Last updated: March 06. 2014 3:01PM - 594 Views
By Mary Therese Biebel mbiebel@civitasmedia.com



Jenny the music teacher, played by Lauren Nestor, uses all sorts of objects to make music with Elmo and his friends.
Jenny the music teacher, played by Lauren Nestor, uses all sorts of objects to make music with Elmo and his friends.
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IF YOU GO

What: ‘Elmo Makes Music’

Where: Mohegan Sun Arena, 255 Highland Park Blvd., Wilkes-Barre Township

When: 10:30 a.m. and 6:30 p.m. today; 10:30 a.m. and 2 p.m. Saturday; 1 and 4:30 p.m. Sunday

Tickets: $22, $16

More info: 570-970-7600 or ticketmaster.com.



What, oh what, is a music teacher to do when a moving van filled with her instruments is taking its good-natured time?


If she’s a newcomer to Sesame Street, she’ll soon help Elmo and his buddies realize you don’t need an official violin or saxophone to fill the air with joyful sounds.


“They learn you can use your voice, clap and stomp,” said Lauren Nestor, a Pittsburgh native who plays Jenny, the one human in “Elmo Makes Music,” which plays at the Mohegan Sun Arena at Casey Plaza in Wilkes-Barre Township this weekend.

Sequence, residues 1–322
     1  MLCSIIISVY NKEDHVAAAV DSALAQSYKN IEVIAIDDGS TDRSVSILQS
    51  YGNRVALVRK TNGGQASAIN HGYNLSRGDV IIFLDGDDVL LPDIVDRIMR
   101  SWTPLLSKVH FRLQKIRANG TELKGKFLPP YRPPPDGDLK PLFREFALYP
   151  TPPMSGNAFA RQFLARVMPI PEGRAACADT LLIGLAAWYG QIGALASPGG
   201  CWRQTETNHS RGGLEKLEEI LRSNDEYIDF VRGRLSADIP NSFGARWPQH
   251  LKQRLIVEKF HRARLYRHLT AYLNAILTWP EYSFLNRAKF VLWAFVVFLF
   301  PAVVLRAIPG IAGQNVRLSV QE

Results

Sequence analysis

“Elmo and Cookie Monster and all the Sesame Street friends help Jenny,” Nestor said. “We don’t always need instruments because we can make music with giant spoons, pots and pans and paint buckets with stirrer sticks.


Elmo, who is technically the youngest monster — yes, Nestor explained, in the show “anyone with fur is a monster” — realizes it’s not too hard to make a drum.


“He has a lovely scene in Act II. And, Ernie and Bert have empty soda bottles and make music by blowing on them.”


The Sesame Street gang discovers they can use their feet to tap out a rhythm, Nestor added, and “there’s a really fun disco number with a hint of a John Travolta number.”


When she was growing up, Nestor, 26, had a rubber ducky, the kind Ernie famously sang about on “Sesame Street,” and she had a Snuffleupagus doll reminiscent of an elephant-like character on the show.


“Now I get to dance with Bert and Ernie,” she said with a laugh. “It’s a bit of a kid’s dream.”


Young audience members are invited to get up and dance and sing along as well — and they seem to love the show.


“It’s just incredible,” Nestor said. “One of my favorite things about performing is that as soon as the overture starts and the curtain goes up, all their faces light up. It’s so cool (for the children) to see the characters they see on TV every day but live.”


There are references for parents and grandparents to enjoy as well, Nestor said. “I always see them singing along.”


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